Sometimes I wake up in the night and have an idea I want to jot down. Paper and pen aren’t a great solution for this because I have to turn on a light. More importantly, handwriting notes on a paper tablet keeps them trapped on paper unless I photograph or scan the page and import it into Evernote.
Back in the days of Pocket PC and Palm devices, I used a pocket sized solution for this kind of note taking. Palm Graffiti was an awesome input solution years ago and more recently made a comeback on Android. Back in July I was on a quest to find a workable handwriting solution for handwriting on my Nook Color tablet. The solution I arrived at was to use an app called Handrite Note, which is also available for the Kindle Fire. At that time, the Kindle Fire wasn’t out yet.
While combining Handrite Note and Evernote was a great way to take my scribbles and make them searchable via the optical character recognition technology built into Evernote, it wasn’t an ideal solution. Some new handwriting apps are available now which improve on my original solution. The Kindle Fire works far better with a tablet stylus than the Nook Color ever did, which makes writing feel more natural. The net result after a bunch of experimenting is something I hope everyone will find useful in using handwriting for text input on a Kindle Fire tablet.
The Problem with Keyboards on a 7-inch Tablet
I type fairly quickly on both Android phone and iPhone keyboards. I once timed myself at about 35 words per minute, which is slow on a computer keyboard, but it feels about as fast as I can go on a handheld device. On the Kindle Fire, I can’t get anywhere close to that speed. The size of the Kindle Fire makes it too small for onscreen touch-typing like I’ve seen many iPad users attempt and too big to comfortably hold between two hands and rapidly tap letters.
Holding the Kindle Fire in one hand while using my finger or a stylus is considerably faster.
Which Stylus is Best for Kindle Fire?
Handwriting on a tablet is more efficient if you have a stylus. If you are someone who is used to pressing really hard with a pen or pencil, you need to lighten your touch, but a stylus makes for a smooth writing experience.
Back in July I ordered four different stylus options to try out on my Nook Color. I had this genius idea that I’d try them all, record a video, and demonstrate which one seemed to perform the best. It turned out they were all lousy. I scrapped the idea for the video, because the only thing I could say was using a stylus and Nook Color in combination is a horrible idea. When I tested them with the Nook Tablet, my experience was the same.
I got my Kindle Fire in the mail within days of the initial shipping. At the time, I didn’t even bother to try it with a stylus because I assumed they would be awful. I was sticking with using my finger to scribble notes with Handrite Note Pro, which is faster than typing but less than perfect.
The other day as I was cleaning a section of my office, I found my stylus stash. I decided to try them just for fun. Guess what? They all work great.
The four I tested were from Targus, Just-Mobile, BoxWave, and Kensington. The Targus, and BoxWave models look like they could be the same stylus with a different label on it. The Kensington stylus also has a pen on one end, which might make it more useful in some instances, though I’m trying to avoid needing paper. The Just-Mobile is my personal favorite, because it’s like a fatter version of a golf pencil, which makes it fairly comfortable to hold.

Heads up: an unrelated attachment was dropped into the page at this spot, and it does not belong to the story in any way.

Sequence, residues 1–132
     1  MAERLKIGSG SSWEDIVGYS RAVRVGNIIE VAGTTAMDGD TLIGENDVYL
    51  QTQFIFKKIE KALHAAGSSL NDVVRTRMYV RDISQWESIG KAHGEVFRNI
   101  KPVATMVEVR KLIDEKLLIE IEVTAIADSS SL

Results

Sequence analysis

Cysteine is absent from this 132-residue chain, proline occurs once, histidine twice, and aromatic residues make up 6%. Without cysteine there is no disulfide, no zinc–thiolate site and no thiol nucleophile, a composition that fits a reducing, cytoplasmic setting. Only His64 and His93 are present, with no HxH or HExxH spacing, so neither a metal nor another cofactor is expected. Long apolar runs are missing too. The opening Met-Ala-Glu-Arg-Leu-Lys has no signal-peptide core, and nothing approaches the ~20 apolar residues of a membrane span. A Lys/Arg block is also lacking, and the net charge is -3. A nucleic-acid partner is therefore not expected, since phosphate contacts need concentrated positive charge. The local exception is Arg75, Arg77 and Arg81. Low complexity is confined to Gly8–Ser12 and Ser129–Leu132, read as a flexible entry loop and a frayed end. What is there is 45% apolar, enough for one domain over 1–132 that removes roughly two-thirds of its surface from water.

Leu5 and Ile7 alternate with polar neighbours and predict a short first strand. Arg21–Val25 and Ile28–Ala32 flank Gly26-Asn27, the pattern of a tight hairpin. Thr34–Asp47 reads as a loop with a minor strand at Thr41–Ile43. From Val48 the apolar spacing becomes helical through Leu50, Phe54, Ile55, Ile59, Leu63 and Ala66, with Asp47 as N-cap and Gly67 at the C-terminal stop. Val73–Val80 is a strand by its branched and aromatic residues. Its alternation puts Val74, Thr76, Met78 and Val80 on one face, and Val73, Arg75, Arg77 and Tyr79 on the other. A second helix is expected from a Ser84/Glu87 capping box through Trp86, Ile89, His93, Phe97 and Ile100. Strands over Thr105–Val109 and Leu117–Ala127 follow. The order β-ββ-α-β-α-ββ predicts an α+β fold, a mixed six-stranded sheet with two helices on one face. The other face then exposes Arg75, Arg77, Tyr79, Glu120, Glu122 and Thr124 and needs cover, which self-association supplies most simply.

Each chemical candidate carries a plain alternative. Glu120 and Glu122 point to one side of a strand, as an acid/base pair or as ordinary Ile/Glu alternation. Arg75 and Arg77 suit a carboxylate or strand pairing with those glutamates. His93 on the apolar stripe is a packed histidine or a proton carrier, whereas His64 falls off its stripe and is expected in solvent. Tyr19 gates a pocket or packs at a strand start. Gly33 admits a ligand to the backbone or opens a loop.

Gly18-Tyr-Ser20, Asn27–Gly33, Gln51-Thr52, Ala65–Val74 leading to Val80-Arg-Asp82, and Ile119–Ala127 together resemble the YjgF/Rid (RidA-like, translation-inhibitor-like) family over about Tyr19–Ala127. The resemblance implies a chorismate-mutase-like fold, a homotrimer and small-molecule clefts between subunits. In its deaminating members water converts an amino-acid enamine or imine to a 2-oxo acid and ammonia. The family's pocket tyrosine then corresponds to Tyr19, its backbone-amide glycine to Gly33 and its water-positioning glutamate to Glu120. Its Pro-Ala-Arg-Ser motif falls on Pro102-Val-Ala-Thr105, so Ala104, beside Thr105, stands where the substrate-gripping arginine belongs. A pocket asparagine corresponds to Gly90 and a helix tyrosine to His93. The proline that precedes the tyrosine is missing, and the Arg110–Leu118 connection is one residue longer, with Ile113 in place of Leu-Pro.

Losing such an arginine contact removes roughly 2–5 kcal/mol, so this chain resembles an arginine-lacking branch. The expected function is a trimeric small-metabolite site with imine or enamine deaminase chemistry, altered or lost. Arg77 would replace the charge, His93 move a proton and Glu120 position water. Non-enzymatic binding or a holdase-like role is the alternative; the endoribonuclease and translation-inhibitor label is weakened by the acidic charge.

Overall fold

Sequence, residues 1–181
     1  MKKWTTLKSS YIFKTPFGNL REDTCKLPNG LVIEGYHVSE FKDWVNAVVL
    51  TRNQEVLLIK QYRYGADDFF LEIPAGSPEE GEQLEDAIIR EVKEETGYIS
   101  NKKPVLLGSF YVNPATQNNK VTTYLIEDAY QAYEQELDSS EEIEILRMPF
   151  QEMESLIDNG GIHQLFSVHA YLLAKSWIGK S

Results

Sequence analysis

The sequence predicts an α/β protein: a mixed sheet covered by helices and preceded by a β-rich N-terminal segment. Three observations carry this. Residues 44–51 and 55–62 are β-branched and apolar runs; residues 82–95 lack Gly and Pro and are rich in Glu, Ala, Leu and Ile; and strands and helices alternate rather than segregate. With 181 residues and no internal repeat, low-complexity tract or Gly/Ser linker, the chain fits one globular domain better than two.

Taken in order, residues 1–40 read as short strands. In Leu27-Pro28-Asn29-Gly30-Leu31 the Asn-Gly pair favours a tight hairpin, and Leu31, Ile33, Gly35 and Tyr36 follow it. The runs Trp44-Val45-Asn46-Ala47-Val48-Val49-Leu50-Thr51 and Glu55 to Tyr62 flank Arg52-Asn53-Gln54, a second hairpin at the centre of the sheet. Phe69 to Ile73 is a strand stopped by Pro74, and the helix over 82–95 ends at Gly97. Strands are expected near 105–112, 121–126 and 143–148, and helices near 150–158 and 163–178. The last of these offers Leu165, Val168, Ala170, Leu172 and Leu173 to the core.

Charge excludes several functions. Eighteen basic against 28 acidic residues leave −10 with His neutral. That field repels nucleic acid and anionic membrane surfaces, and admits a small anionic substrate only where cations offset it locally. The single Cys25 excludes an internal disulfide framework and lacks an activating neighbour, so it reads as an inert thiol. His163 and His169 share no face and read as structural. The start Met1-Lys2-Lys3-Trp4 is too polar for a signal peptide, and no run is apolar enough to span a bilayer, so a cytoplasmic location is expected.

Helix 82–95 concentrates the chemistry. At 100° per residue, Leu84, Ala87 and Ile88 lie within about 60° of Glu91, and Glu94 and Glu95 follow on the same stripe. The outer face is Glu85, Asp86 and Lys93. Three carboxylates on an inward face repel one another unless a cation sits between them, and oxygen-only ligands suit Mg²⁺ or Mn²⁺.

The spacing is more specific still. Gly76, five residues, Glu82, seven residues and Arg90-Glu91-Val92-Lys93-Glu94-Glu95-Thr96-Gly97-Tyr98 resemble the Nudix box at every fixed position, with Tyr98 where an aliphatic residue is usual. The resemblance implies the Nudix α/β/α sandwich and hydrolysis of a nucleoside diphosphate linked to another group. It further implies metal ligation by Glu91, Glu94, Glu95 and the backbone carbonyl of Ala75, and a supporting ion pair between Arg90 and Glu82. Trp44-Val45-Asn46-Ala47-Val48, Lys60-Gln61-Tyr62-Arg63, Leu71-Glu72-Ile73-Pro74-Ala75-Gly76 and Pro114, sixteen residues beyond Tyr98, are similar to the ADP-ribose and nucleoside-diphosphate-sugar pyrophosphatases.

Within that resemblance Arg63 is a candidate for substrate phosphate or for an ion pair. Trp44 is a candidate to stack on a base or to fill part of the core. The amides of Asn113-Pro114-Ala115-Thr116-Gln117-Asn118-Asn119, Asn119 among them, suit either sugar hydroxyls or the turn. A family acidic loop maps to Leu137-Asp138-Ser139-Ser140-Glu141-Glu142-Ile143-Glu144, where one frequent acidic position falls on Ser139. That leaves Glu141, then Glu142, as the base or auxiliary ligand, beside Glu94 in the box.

Best Handwriting App for Kindle Fire
As I mentioned at the beginning of this article, one way to use handwriting is to swap out the default on screen keyboard for Graffiti. Unless you are a former Palm user, you need to learn the pen strokes but this is a way to use a stylus (or your finger) in every app. While I was a longtime Palm user, I find myself typing faster in many cases.
If all you want to do is save handwritten notes you can refer to later, Handrite Note Pro is still my favorite option. It allows you to write text in a larger size and then shrinks your writing to fit the screen as if you were writing on a continuous line on paper. The graph paper or lined paper backgrounds both make my writing highly legible, which translates to effective OCR. You can see how I use Handrite Note in combination with Evernote in the video embedded below, but I have a new favorite handwriting app.
The best handwriting app for Android tablets is definitely Smart Writing Tool 7notes Premium. The app handles my scribbles like a champ, automatically converting them to text. Just like keyboard input, the app suggests words based on your input, which makes for a quick writing experience. I find that using either my finger or a stylus with 7notes Premium is faster than trying to type on the Kindle Fire keyboard. It’s fairly easy to correct any mistakes you make by simply deleting the last thing you entered. I like that my handwriting is converted to text because it’s easier to reuse what I’ve written, without having to type based on my notes. Anything created in 7notes Premium is easily saved to Evernote, which means I get the convenience of handwriting coupled with the fully reusable text that’s searched without needing OCR. I paid $9.99 and am happy with the results, but as I write this, the app is currently $0.99. Not sure how long that will last.
Combining the Kindle Fire, Just Mobile AluPen, and Smart Writing Tool 7notes Premium creates the ultimate digital handwriting tablet for carrying around in a purse or cargo pants pocket, which means I almost never take a notepad with me anywhere.
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